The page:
EQOL Journal (2022) 14(2): 13-19
ORIGINAL ARTICLE
13
Effects of CrossFit training program and traditional gym training on
morphological characteristics of men
Ljubiša Kićanović
1
Bogdan Živanović
1
Mila Vukadinović Jurišić
1
Jelena Obradović
1
Received: 20
th
May, 2022 DOI: 10.31382/eqol.221202
Accepted: 4
th
November, 2022
© The Author(s) 2022. This article is published with open access.
Abstract
CrossFit is recognized as one of the fastest-growing
high-intensity functional training modes in the
world. The study aimed to compare the effects of the
CrossFit training program and traditional gym
training on anthropometric measurements in
healthy, active men. The study sample consisted of
50 participants who were divided into two groups,
22 participants who practiced the CrossFit training
program (CFT group; 28.64±2.04 years; body height
181.74±6.96 cm; body mass: 72.75±5.53 kg), and 28
participants who applied traditional gym training
(GT group; 26.89±2.99 years; body height:
184.52±7.80 cm; body mass: 74.86±8.48 kg). A total
of ten anthropometric measurements (Body height,
Body mass, BMI, Subscapular, Abdominal and
Triceps skinfolds, Chest, Forearm, Upper arm, and
Thigh circumferences) were monitored before and
after twelve weeks. The Shapiro-Wilk test was used
to test the normality of distribution. The multivariate
analysis covariance (MANCOVA) and analysis of
covariance (ANCOVA) were used to analyze the
data. The results of this study indicated that there
were statistically significant differences between
groups in the Circumference of the upper arm
(p=0.02), Thigh circumference (p=0.00), Chest
circumference (p=0.03), and Subscapular skinfold
(p=0.00). The findings of this study demonstrated
that healthy, active males who participated in the 12-
week CrossFit training program improved their
anthropometric measurements more than those
who trained in the traditional gym training.
Keywords Skinfolds Body circumferences
BMI.
Introduction
CrossFit (CF) training is high-intensity functional
training that combines aerobic and anaerobic
exercises which are performed quickly and
contain multiple repetitions with or without a
pause between series (Feito, Burrows, Tabb,
Ciesielka 2020). The CF training is often
characterized by the execution of exercises
integrating large muscle groups (i.e., squat, push,
press, etc.) or more specifically resistance training
with free weights or body mass performed with
high intensity with short rest intervals (Weston,
Taylor, Batterham & Hopkins, 2014). Initially,
this program was designed for people whose work
required a certain level of physical form as well as
muscle strength, like soldiers, policemen and
firefighters (Weisenthal, Beck, Maloney,
DeHaven, & Giordano, 2014). Because the CF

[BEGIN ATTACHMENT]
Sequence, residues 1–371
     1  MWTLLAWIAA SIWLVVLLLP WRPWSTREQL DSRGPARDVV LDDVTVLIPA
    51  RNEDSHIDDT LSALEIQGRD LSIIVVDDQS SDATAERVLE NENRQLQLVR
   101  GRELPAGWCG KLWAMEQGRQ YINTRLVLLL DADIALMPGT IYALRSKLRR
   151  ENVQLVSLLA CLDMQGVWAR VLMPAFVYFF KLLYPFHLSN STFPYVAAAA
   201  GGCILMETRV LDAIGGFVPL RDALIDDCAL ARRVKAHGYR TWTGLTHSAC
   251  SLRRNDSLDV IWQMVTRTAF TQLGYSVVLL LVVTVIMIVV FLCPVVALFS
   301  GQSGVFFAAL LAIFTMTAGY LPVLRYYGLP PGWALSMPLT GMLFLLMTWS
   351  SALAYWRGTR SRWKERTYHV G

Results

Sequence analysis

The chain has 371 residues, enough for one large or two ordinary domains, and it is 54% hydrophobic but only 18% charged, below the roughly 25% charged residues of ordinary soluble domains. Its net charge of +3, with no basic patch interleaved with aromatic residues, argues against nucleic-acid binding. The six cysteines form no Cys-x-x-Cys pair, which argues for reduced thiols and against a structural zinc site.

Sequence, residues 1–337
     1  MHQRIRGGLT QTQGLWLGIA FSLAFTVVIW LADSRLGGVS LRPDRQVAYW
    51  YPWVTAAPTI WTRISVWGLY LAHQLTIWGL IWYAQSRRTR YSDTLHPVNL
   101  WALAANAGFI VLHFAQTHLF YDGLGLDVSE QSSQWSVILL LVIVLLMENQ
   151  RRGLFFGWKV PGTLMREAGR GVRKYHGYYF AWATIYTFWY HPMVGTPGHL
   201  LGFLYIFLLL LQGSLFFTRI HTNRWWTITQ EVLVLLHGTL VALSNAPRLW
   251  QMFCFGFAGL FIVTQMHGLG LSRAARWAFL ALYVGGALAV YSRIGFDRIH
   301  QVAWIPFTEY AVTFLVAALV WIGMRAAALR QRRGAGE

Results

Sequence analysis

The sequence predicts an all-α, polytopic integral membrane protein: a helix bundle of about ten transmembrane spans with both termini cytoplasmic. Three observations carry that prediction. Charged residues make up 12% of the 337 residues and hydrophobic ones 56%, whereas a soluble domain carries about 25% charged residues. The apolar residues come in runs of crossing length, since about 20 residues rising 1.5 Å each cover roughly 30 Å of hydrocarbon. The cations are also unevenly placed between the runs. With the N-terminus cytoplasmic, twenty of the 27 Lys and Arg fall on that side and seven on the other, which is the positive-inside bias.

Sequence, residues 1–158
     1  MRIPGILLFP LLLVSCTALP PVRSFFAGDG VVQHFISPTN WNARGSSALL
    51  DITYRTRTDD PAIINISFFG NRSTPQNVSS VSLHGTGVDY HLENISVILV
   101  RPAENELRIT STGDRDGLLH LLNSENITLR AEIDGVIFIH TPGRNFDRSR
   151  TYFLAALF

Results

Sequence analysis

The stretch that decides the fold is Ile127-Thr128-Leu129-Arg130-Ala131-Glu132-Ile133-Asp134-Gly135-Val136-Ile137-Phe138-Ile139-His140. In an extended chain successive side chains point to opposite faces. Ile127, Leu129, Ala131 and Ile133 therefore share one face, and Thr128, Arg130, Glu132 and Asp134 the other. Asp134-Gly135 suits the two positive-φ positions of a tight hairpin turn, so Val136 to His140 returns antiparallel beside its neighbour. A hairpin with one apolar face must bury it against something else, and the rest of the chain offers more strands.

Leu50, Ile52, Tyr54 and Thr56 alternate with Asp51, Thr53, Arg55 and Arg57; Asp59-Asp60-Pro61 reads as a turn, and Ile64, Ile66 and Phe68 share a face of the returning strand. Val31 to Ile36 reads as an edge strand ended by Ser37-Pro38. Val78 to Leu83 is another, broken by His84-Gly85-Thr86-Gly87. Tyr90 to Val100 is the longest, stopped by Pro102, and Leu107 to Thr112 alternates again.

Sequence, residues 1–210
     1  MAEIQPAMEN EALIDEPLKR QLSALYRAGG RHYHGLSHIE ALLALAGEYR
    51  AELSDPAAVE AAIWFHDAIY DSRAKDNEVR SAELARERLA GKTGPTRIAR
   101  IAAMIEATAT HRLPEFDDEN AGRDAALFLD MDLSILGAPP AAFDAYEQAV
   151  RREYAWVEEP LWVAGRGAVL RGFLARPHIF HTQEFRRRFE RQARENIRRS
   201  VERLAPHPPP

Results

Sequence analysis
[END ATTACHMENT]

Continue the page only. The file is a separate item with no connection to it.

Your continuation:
training includes weightlifting (squats,
deadlifting, power snatch, power clean) with a
large number of repetitions during a short period,
gymnastic movements (pull-ups, hand-walking,
push-ups on the wall), and aerobic exercises
(running, swimming, rowing) (Longe, 2012).
However, in the last few years, CF training has
also been applied to physically healthy boys of 16-
17 years (Petrova, Bala, Masliak, & Mameshina,
2022), overweight men aged 21.6 ± 1.6 years
(Dehghanzadeh Suraki, Mohsenzade, Tibana, &
bogdanzivanovic97@gmail.com
1
University of Novi Sad, Faculty of Sport and
Physical Education, Novi Sad, Serbia
EQOL Journal (2022) 14(2): 13-19
14
Ahmadizad, 2021) and healthy active men aged 20.8
± 2.0 (Özbay, 2019).
The basic principle of CF training is based on the
uniform application of modalities that include
weightlifting, gymnastics, and metabolic
conditioning (Crawford, Drake, Carper, DeBlauw &
Heinrich, 2018). The CF program aims to choose
methods that will have an impact on the partial
segment improvement and which will later improve
overall fitness development. thehe Each complex in
CF training is referred to as "training of the day",
which is short for WOD ("Workout of the Day").
Most of these complexes bear a certain name (late
soldiers, policemen, firefighters). These complexes
are considered as official CF training and their
number is steadily increasing (Crossfit, 2016). Since
CrossFit is a relatively new group exercise program,
there are a few longitudinal types of research that
scientifically and statistically indicate its effects. Eun-
Ju, Wi-Young, and Taikyeongm (2017) reported that
14 weeks (two times per week) of CF training
improved the body composition of male students.
Barfild and Anderson (2014) concluded that the
CF program was effective for raising aerobic
endurance levels, but it did not have significantly
better effects on muscle endurance, flexibility, and
body composition in comparison to Olympic
weightlifting. Based on that, previous studies (Eun-Ju
et al., 2017; Barfild et al., 2014) showed that CF